On the other hand, electric underfloor heating systems are usually contained within mats that are laid across the subfloor in a similar way to underlay material. While the laying out of the mats is a relatively easy part of the process, the job also involves interacting with electrical wiring, which means extra precaution must be taken.

The use of an electric underfloor heating system also requires a separate thermostat and timer to be installed. This involves rewiring and connecting these items to the mains, which should only ever be carried out by a qualified electrician.

Manufacturers do provide DIY kits for electric underfloor heating, with a series of instructions that most people will be able to follow. However, when it comes to the connecting the cables to the mains supply, a professional must be always used. Also bear in mind that installing any electric heating system in a domestic property also has to be signed off by an electrician, which is stated in the 2005 Part P Building Regulations.

So, to summarise, while it is possible to install both types of underfloor heating systems it must be done so with extra care. There are important parts of the process that should only be carried out by those who have the relevant experience in dealing with these type of property alterations.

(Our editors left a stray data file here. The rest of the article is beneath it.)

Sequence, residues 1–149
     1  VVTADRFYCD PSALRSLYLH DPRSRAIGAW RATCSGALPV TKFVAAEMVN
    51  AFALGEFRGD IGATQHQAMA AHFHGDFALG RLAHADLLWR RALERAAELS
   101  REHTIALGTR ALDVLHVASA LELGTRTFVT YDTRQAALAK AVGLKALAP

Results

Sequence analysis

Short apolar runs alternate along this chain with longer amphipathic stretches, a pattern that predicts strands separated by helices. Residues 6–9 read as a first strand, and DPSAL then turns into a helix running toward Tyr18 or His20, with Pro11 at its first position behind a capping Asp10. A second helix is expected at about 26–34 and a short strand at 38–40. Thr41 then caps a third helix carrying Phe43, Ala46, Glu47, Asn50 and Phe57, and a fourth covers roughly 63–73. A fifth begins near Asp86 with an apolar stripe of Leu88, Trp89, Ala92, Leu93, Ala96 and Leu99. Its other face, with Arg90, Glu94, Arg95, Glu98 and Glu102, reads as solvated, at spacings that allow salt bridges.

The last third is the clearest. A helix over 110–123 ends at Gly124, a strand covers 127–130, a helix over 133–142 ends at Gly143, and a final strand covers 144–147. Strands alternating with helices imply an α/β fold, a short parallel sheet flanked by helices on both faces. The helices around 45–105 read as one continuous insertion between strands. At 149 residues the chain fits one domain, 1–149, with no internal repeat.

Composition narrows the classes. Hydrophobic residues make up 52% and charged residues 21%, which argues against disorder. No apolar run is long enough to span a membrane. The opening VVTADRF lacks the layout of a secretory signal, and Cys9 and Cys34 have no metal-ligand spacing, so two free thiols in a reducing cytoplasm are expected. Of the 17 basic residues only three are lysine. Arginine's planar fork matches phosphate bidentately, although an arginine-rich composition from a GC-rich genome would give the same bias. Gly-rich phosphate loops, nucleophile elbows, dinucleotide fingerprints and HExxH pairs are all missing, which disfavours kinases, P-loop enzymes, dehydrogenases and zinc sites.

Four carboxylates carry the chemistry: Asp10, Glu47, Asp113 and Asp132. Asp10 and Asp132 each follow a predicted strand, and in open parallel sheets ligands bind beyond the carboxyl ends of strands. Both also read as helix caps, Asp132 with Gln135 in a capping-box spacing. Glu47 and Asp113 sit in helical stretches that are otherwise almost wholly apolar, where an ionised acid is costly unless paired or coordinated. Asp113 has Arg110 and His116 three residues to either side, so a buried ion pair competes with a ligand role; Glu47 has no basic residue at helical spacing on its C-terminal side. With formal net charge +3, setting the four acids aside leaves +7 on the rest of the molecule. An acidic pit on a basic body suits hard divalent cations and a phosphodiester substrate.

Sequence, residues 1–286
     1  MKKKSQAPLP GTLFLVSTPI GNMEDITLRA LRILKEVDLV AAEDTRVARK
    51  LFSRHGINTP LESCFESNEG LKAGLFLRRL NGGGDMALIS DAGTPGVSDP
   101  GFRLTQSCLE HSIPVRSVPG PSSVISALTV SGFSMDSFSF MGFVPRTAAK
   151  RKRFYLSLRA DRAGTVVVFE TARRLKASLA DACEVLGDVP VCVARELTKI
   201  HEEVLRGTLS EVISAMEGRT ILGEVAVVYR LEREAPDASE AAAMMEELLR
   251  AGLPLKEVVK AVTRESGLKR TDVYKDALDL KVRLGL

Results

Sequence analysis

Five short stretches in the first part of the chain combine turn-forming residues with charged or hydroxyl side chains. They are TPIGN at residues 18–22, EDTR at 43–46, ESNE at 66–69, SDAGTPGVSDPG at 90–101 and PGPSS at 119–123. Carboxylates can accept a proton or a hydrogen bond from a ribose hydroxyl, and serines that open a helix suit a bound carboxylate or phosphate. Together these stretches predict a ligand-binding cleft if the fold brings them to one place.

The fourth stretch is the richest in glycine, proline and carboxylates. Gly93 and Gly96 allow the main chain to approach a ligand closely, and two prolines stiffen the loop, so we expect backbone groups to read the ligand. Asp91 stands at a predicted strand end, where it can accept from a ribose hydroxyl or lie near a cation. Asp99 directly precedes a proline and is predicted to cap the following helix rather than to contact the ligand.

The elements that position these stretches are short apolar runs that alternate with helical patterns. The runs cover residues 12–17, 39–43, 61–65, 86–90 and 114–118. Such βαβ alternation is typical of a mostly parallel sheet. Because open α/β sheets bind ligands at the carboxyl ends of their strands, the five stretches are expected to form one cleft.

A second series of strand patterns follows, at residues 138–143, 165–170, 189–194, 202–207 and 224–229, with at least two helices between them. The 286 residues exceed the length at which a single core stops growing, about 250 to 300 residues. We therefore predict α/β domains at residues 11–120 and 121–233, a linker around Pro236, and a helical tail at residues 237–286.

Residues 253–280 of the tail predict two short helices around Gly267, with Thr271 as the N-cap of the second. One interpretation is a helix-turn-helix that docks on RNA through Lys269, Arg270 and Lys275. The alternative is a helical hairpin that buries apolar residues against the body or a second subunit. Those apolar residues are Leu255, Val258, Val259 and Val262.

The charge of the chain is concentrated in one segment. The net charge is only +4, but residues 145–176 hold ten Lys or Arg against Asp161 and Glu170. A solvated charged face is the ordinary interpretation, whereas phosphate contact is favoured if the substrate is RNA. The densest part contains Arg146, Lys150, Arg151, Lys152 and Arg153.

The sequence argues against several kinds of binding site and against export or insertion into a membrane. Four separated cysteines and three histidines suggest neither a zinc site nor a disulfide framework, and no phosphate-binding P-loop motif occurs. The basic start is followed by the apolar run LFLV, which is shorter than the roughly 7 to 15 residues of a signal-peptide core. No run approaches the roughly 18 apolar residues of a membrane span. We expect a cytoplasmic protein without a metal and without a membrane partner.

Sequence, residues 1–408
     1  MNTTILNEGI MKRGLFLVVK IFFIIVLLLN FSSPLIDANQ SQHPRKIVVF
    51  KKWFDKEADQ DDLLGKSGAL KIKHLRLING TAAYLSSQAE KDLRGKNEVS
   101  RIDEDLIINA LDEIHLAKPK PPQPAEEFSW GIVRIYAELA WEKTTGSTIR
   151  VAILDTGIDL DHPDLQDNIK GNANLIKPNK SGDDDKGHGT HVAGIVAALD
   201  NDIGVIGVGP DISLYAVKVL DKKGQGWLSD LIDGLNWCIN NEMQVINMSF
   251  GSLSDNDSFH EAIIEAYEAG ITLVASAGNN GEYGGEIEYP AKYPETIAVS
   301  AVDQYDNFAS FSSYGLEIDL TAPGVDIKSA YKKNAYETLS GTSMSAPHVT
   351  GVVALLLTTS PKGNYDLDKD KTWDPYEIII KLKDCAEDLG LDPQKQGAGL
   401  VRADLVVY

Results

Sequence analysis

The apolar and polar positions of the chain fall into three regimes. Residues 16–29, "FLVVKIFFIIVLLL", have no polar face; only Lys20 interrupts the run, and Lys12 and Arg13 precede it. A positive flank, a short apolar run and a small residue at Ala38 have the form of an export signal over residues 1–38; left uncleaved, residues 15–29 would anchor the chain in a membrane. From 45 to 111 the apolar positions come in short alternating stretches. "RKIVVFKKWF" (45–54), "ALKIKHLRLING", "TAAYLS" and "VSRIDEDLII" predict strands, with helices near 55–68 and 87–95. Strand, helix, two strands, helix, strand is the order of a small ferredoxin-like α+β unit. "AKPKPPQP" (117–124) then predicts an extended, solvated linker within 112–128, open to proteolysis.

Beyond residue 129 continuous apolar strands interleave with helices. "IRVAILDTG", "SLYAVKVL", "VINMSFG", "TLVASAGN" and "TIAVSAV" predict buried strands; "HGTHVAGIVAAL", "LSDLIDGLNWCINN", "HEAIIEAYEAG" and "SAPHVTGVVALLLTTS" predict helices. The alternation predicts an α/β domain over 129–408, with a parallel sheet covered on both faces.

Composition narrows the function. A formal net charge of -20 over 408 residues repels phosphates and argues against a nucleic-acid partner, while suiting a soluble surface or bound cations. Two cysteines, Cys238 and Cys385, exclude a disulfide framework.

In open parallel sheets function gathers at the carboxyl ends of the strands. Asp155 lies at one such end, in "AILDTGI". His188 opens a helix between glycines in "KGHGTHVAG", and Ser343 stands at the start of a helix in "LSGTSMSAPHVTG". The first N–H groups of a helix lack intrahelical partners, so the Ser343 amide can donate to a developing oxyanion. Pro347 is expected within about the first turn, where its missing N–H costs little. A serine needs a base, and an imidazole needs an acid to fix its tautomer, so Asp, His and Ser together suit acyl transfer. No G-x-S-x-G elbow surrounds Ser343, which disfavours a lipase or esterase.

Warmup underfloor heating

Should you leave underfloor heating on all the time?

When it comes to deciding whether or not to leave underfloor heating on all the time, much depends on the time of year. As the temperature starts to settle into double figures in late spring and throughout the summer, you will probably only want to use the heating lightly, if at all.

When it gets to late autumn and the depths of winter, it is advisable to leave your underfloor heating on all day. Although, bear in mind that you should set the temperatures at different levels depending on activity and usage throughout the house.

Using a smart thermostat can prove to be a useful tool that enables you to programme the underfloor heating on a mobile device even when you’re not home. This gives you more control and allows you to manage your energy bills.

The reason why experts believe it is best to leave the system on all the time during the colder months is because it can take anywhere between 2-3 hours for the system to warm up fully. This helps you to avoid moments when the temperature drops too low in the house and it takes some time to remove the chill.

Is electric underfloor heating cheaper than radiators?

You may be concerned that we advise leaving electric underfloor heating on all day as it could lead to higher energy bills which would defeat the purpose of installing the system in the first place. However, there are a number of things that influence the final bill you receive from your energy supplier, some of which you have control over.

The installation of electric underfloor heating can prove to be a cheaper option than radiators. The Department of Energy say that radiant heating (underfloor) is more efficient and cost effective compared to traditional systems.

This is because underfloor heating is referred to as being “radiant”—using radiation to heat surfaces that then retain the heat for a certain period of time. On the other hand, radiators warm the surrounding air, which expends more energy.